Patient From Viral Nurse Video Is A Police Officer

In what will no doubt be the most ironic piece of news you will hear today, the patient whose blood a nurse refused to let a police officer draw without consent was, in fact, an officer himself.

Footage of the incident, in which University Hospital nurse Alex Wubbels was placed under arrest by Officer Jeff Payne for refusing to draw the blood of an unconscious patient who had been in a car accident, went viral last week.

But since the footage went viral, it has emerged that the patient whose blood Officer Payne was intent on drawing was also a member of law enforcement, Officer William Gray of Rigby Police Department.

Posting on its Facebook page, Rigby Police Department issued an open thank you to nurse Wubbels for protecting their officer.

“The Rigby Police Department would like to thank the nurse involved and hospital staff for standing firm, and protecting Officer Gray’s rights as a patient and victim. Protecting the rights of others is truly a heroic act,” the department’s post said.

The department also explained how Gray came to be in the hospital, stating: “On July 26th of this year, one of our reserve officers, William Gray was the victim in a horrific accident in northern Utah while working his full-time job as a truck driver.”


Facebook Comments




  1. K Morgan

    Thats all fine and dandy…we want to know what will happen to the shitbag that was on a power trip. Not hating on cops as 99 percent are upstanding gentlemen….it only takes one or two to smear the reputation of the rest.

    • LegalBeagle

      The law is a lot more complex that it has been portrayed in this situation. Under Federal law, which trumps the state laws in question, the testing was mandatory even though the officer/driver was not even arguably at fault. The federal regs applicable under the Federal Motor Carrier Regulations also make this the only time in which an LE driven test is acceptable for the employer’s mandate. Lots of blame to go around, but the hospital policy was no more correct than the police department’s, and will NEVER control in the face of a legal duty. I’m going to bet that the PD had no idea that such was the law, either – it’s pretty arcane unless one is involved in the motor carrier industry or has other reason to know that. (AND, the case law that applies to testing of most people for impairment as part of a prosecution is not on point; the drug testing stuff for transportation workers is covered by a case from 30 years ago.)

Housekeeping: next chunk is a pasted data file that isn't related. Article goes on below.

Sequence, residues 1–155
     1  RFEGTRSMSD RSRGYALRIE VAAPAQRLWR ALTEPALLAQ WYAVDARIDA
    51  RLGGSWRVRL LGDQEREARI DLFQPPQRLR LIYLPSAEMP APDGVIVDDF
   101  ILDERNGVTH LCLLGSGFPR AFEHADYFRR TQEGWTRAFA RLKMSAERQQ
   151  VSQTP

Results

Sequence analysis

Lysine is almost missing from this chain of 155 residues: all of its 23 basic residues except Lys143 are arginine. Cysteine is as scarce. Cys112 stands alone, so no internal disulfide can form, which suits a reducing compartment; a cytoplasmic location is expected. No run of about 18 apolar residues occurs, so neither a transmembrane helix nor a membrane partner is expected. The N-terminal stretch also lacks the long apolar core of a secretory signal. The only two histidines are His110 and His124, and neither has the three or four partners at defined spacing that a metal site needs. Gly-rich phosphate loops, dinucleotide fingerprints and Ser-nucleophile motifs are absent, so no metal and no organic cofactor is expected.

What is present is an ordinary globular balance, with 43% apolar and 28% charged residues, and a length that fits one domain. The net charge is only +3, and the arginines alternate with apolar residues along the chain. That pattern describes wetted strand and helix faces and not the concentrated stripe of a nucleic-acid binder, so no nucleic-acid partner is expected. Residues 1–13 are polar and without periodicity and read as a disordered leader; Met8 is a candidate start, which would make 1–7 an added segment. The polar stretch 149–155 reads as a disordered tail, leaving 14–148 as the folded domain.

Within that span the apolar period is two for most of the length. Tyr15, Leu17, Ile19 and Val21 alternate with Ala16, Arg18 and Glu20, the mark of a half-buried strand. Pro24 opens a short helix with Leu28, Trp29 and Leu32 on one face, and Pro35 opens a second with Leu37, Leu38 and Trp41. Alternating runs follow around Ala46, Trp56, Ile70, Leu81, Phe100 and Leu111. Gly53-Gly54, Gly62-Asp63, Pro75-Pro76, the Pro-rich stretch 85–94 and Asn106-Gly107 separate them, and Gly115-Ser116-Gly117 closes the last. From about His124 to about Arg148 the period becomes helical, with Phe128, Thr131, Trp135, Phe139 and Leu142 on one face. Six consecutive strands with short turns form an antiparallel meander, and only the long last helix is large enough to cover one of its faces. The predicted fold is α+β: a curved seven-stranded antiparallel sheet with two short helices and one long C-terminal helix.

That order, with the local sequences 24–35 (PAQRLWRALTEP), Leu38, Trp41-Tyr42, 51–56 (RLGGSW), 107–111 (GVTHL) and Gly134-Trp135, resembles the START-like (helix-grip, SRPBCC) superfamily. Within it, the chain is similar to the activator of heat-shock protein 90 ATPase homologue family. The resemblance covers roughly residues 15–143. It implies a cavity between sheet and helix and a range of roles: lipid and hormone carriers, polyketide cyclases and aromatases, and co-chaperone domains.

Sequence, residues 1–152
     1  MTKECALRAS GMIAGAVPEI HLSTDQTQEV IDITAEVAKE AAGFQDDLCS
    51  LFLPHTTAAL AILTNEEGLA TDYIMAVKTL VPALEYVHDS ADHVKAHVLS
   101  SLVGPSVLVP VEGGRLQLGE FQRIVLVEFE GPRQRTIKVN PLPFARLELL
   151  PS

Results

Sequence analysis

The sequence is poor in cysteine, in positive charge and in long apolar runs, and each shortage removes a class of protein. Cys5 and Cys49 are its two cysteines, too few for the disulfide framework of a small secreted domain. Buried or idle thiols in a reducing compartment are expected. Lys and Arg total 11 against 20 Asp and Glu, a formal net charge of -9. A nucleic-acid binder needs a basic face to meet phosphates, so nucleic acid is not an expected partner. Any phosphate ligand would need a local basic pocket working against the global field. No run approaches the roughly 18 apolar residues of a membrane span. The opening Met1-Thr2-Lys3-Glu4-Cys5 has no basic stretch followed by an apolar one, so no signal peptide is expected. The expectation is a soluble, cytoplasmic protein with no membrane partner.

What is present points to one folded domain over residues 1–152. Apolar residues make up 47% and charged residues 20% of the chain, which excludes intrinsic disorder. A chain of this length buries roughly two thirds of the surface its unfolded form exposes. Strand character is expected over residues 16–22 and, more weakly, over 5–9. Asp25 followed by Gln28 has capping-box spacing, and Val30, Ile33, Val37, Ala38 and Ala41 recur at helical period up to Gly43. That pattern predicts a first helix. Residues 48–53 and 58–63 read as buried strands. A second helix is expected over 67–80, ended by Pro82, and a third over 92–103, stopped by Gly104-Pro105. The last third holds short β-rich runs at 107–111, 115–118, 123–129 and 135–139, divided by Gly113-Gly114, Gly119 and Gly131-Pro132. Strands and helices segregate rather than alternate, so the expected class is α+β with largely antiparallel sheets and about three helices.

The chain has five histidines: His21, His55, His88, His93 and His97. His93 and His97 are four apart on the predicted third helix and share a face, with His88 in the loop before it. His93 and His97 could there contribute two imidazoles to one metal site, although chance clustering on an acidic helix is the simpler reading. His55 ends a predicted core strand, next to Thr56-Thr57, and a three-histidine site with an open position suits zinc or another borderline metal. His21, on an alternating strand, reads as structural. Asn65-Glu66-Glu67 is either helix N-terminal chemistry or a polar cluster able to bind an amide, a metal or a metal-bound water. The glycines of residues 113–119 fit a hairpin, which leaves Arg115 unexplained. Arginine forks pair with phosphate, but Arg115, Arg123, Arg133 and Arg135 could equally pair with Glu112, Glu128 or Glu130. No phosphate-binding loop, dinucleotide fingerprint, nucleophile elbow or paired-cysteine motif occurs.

Having dealt with both LE agencies and hospitals when it comes to policy development and the legal research that must underly it, the reality is going be ugly. Pretty high level people at both entities need to be disciplined, and brutally. Both the nurse and the detective were set up to fail.

      • K Morgan

        law can be written and interpreted in many ways….however there has never been a law passed that says you have to endanger yourself to make a LEO happy. drawing blood is a dangerous business. My Ex wife drew blood from a HIV/hepatitus positive scum bag back in the day…and during her drug induced struggles my wife actually pricked her own hand with the sharps in the struggle. she had to get blood tested on a very regular basis for many years after that incident. so any good lawyer could shred this “LAW” it might be the law that they have to be tested, but I guarantee that it does not say that they will arrest any doctor or nurse that does not perform it…

        • LegalBeagle

          I doubt that there is a basis for arresting her; there are ample signs that the detective was a buffoon. All I am pointing out is that the facts are a lot more complex than portrayed, and that the law is not as clear as has been claimed.

          • K Morgan

            fair enough, sorry I was a bit testy yesterday when I typed that.

Submit a Comment

Subscribe To Our Newsletter

Join our mailing list to receive the latest news and updates from Law Officer.

You have Successfully Subscribed!